Health Care Reform Threatens College Plans

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Colleges are growing increasingly uneasy about provisions in the recently enacted health care law, claiming it places an unfair burden on schools who offer students health coverage.

According to the Government Accountability Office, about half of all U.S. colleges offer health care to students. Approximately 7% of students use the coverage, and 80% are covered under their parent’s health plan, the GAO says.

In a letter dated Aug. 12 from the American Council on Education to U.S. Health and Human Services Secretary Kathleen Sebelius, the ACE asks the federal government for relief from certain provisions in the new health care law.

The ACE, which claims to represent schools and colleges that cover 4.5 million students with health care insurance, responded:

"We are concerned the application of several provisions under the Patient Protection and Affordable Care Act, including certain insurance market reforms and the individual mandate, could make it impossible for colleges and universities to continue to offer student health plans. In order to preserve the ability of institutions to provide this affordable coverage under ACA, we would like to work with you to secure the urgently needed regulatory confirmation described in the attached issue paper."

As usual, it comes down to money. For instance, most student health care plans have annual caps in coverage, and the new health care act bans such caps. Under the new rules, health insurers must offer at minimum $750,000 in coverage annually — a number that has colleges balking, saying this will lead to much higher insurance premiums.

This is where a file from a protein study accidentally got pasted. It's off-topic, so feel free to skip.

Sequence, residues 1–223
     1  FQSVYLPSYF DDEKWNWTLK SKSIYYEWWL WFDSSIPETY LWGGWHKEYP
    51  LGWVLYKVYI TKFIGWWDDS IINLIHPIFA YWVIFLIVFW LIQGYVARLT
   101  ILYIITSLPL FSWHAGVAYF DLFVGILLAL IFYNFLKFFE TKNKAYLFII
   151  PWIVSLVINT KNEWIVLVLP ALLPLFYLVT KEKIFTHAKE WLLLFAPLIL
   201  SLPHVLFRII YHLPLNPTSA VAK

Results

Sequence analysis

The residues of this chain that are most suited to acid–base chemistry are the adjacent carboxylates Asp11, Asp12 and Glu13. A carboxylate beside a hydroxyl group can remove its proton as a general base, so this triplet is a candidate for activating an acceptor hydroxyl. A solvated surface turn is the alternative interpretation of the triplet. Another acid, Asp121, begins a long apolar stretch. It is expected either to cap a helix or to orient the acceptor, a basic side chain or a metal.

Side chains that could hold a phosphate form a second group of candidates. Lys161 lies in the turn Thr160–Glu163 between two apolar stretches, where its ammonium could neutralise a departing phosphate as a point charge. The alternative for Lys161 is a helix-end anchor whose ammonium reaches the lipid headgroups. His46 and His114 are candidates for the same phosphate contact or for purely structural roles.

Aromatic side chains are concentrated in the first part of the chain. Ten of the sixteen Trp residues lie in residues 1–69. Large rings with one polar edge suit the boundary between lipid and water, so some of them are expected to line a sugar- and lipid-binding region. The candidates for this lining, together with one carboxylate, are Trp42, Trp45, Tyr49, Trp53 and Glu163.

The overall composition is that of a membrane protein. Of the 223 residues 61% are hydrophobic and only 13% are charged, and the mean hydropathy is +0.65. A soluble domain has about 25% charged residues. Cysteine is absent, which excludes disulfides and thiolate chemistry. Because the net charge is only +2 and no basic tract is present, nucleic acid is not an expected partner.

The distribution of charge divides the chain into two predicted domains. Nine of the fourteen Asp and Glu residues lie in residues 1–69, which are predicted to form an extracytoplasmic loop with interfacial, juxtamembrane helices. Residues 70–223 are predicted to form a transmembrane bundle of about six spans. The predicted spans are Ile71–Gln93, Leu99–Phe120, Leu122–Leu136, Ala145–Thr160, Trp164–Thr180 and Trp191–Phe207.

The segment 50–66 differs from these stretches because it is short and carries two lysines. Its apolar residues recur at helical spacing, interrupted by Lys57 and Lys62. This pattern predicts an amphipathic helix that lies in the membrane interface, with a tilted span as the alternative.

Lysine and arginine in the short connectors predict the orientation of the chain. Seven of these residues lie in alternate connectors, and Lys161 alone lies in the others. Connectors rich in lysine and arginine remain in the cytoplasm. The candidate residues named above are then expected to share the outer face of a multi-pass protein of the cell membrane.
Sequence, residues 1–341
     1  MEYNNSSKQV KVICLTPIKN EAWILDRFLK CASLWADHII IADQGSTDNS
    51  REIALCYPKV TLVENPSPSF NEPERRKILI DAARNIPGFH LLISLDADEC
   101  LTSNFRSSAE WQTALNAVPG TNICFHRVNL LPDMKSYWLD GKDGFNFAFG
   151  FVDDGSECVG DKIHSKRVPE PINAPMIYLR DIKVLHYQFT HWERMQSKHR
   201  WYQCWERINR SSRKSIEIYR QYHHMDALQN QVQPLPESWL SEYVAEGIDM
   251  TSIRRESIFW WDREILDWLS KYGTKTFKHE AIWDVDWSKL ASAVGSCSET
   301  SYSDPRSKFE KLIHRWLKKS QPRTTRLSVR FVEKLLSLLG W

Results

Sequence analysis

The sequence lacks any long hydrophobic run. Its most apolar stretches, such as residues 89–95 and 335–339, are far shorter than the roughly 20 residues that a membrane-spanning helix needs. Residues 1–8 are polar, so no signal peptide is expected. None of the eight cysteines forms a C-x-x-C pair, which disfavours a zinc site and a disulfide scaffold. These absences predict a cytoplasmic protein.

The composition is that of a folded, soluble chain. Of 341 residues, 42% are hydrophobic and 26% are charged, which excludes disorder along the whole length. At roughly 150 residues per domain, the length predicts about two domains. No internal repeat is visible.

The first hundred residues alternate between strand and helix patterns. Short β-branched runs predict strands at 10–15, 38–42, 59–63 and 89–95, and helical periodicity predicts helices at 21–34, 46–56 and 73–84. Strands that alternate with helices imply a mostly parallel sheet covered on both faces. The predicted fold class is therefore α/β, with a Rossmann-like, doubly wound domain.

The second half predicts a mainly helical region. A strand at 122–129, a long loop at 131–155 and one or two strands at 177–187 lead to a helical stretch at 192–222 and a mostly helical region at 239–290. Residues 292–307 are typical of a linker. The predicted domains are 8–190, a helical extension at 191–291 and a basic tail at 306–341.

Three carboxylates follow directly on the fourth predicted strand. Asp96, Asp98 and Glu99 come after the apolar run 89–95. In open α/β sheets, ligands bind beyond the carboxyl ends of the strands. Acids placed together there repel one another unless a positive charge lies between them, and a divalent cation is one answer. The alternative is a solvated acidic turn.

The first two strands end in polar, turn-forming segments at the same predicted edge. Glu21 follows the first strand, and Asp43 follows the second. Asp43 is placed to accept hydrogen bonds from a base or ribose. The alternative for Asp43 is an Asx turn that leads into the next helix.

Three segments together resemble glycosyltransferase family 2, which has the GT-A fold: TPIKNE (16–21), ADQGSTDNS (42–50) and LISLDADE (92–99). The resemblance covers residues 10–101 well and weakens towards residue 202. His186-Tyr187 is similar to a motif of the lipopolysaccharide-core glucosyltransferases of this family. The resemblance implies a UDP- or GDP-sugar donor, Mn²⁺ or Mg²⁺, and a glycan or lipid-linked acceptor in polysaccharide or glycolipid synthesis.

Besides the cap issue, the ACE expresses concern about colleges’ ability to accommodate the individual health care mandate, especially if it means they’ll have to offer health care coverage to non-students. College health insurance advocates say their plans are different than traditional plans in that they only cover the students for the full school year, but not the full calendar year. That should exempt them from the individual mandate, the ACE attests.

The group also says the insurers they work with shouldn’t have to pay 80% of their revenues on medical care, as the new law dictates.

If left unaddressed, the ACE says that colleges and universities may no longer be able to afford to offer student health care. While there’s no immediate danger of colleges pulling the rug out from under students currently covered by such plans, the ACE says that many schools are currently negotiating with their insurers about new coverage in advance of the 2014 launch date for the new health care rules.

In the end, what the question comes down to is this — should college student health care programs be held to a different, more lenient standard?
If the ACE gets its way, they will. But Uncle Sam may have other ideas.

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